Defendant Claims He Was Cop and Store Owner – Accused of Stealing Bag of Cheez-Its and Soda

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By William McCurry and Ramneet Singh

SACRAMENTO – A man who walked into a gas station store and declared he was the owner and a police officer, before walking off with about $5 in merchandise, was ruled incompetent to stand trial for robbery last Friday—although Sacramento County Superior Court Judge Sharon Lueras said he would be held to answer once he maintained competency.

Before leaving court, the defendant, who allegedly stole a bag of Cheez-Its and a 20-ounce soda, questioned why the court believed him to have mental health issues.

According to the deputy district attorney’s summary, on Sept. 2, 2020, at approximately 9:01 a.m., dispatchers notified Sacramento City police of a robbery in progress at a gas station on 3031 P Street.

Defendant Jason Sanders allegedly stole approximately $5 worth of convenience products and fled the scene. After a follow up on Sept. 8, the Sacramento police officer requested a warrant for petty theft.

Deputy District Attorney Nick Karp presented two expert witnesses, the first of which was Sacramento Police Officer Casey German who responded to the dispatch on Sept. 2 and made contact with one of the workers. Karp inquired about the worker’s statement of the incident.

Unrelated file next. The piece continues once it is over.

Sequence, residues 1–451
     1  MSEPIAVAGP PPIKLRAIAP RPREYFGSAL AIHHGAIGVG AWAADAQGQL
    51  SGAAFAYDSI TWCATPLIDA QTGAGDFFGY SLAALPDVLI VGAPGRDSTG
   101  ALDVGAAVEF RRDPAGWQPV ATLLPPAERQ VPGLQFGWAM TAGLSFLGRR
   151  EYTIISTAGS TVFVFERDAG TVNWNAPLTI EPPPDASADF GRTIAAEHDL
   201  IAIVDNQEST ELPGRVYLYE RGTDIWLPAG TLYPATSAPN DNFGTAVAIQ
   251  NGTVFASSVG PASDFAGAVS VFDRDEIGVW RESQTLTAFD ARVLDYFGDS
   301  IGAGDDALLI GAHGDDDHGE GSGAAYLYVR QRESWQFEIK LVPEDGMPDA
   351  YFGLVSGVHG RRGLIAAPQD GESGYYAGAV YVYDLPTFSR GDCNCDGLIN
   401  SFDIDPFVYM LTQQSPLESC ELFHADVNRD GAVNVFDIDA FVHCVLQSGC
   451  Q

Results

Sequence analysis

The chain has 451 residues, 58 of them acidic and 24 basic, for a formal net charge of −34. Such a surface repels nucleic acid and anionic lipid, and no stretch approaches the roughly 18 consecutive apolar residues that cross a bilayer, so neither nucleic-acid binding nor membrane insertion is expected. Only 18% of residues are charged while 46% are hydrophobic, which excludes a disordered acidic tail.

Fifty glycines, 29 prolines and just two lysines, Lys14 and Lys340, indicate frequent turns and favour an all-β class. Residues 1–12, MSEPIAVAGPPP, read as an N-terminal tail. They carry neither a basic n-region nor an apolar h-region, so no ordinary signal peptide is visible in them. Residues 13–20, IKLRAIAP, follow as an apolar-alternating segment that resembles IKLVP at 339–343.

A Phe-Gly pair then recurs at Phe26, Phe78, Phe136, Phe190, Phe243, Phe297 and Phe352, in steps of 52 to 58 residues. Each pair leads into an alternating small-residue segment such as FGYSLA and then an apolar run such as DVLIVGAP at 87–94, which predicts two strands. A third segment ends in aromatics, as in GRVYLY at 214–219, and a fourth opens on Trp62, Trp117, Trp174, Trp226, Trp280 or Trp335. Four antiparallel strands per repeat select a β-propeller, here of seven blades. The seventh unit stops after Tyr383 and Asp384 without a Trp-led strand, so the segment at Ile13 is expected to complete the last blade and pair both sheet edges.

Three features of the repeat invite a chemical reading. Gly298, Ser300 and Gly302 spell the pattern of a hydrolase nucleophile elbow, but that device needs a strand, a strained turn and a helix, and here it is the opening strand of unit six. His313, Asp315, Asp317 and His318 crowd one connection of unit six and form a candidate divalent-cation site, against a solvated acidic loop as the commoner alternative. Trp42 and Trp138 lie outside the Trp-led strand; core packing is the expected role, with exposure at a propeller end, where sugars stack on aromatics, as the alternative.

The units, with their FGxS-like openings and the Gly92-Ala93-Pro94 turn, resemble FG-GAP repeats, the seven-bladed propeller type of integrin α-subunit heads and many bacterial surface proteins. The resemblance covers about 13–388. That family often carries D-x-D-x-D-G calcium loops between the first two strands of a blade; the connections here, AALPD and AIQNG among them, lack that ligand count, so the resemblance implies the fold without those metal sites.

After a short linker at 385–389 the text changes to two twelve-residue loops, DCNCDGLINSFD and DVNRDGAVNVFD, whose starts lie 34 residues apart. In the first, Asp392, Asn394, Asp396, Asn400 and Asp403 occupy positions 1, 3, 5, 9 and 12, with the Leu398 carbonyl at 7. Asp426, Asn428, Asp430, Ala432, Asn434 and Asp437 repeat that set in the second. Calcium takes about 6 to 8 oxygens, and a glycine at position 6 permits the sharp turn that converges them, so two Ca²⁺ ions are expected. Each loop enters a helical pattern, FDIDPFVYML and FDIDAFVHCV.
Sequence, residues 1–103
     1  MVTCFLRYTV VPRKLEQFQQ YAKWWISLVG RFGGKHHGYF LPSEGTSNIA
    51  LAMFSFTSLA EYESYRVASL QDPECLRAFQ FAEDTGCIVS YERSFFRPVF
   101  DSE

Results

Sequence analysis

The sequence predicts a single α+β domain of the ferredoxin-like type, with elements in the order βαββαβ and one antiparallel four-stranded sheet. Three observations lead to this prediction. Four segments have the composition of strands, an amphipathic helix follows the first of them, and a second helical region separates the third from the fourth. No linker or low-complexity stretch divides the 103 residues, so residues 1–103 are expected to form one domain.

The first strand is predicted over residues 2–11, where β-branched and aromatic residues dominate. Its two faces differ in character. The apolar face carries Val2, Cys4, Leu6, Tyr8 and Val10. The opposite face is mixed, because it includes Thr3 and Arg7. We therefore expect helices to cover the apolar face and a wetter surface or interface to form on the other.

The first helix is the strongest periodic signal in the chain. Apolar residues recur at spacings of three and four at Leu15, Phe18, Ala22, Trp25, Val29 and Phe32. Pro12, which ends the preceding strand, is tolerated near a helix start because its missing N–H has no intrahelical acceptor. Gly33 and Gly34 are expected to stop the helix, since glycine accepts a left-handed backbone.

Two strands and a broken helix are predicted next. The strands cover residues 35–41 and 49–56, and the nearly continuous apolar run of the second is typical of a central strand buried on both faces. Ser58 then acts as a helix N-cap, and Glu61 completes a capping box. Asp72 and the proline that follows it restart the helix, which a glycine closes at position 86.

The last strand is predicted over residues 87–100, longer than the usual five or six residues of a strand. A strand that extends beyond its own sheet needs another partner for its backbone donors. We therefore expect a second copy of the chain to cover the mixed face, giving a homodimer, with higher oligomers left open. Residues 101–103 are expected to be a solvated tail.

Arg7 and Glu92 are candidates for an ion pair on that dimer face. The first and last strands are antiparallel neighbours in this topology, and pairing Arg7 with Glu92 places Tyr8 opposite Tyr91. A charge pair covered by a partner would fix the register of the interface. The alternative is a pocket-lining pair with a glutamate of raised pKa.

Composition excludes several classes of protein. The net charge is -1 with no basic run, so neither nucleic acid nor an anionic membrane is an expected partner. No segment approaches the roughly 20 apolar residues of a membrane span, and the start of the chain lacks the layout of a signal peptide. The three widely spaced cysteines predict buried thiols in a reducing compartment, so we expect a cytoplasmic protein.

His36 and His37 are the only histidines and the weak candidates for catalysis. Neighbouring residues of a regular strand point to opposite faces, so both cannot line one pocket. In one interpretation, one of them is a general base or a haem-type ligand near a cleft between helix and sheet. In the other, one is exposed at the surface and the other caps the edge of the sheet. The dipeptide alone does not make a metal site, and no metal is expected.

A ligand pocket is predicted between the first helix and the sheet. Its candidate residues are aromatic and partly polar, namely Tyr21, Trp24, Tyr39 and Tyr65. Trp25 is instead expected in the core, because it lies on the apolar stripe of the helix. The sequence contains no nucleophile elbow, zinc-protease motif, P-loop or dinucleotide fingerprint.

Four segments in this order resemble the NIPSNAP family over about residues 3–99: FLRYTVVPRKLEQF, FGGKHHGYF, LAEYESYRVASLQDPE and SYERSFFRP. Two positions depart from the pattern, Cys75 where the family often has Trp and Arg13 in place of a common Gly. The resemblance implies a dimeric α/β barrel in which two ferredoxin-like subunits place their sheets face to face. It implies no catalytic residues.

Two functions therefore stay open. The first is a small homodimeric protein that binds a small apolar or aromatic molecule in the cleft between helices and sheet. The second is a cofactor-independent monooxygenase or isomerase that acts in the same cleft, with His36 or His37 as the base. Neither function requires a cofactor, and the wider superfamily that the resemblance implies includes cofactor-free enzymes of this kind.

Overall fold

After referring to his report, German described how the worker did not immediately recognize the individual who walked into the business. After the initial exchange, the worker stated that the individual stated, “I own this place, you’re fired.”

After the worker recognized the individual, they went to retrieve their co-worker from the cooler. They witnessed the individual grab some of the products and push the co-worker as he exited the store. German stated that “…she recognized him from the notice of trespass that they had on file as well.”

Subsequently, German had also spoken with the co-worker, and described how the co-worker said they confronted the individual and saw him grab the products. She had asked him to leave; the individual responded that he was a police officer and the business owner.

She had also asked him to leave the product, but he refused and pushed her as she guarded the exit. German described it as “he walked through her,” with their shoulders touching

Due to the nature of court proceedings, German had difficulty identifying the subject due to his mask and glare issues. However, he eventually identified the individual as defendant Sanders.

After this, defense attorney Thomas Clinkenbeard cross-examined German to confirm prior details. With clarification, German described how the co-worker confirmed that Sanders had frequented the business. German affirmed that Sanders had not made verbal threats and that the co-worker had blocked his path as he walked out.

Officer Bianca Brau spoke with the same workers as Officer German. After reviewing her notes, she told DDA Karp that he only had a bag of Cheez-Its and a 20-ounce soda.

Brau was able to review the surveillance from the gas station that was booked into evidence. Once she reviewed it, she explained to Karp that she didn’t see Sanders pick up the items, but once he returned into view of the camera, she saw him with them.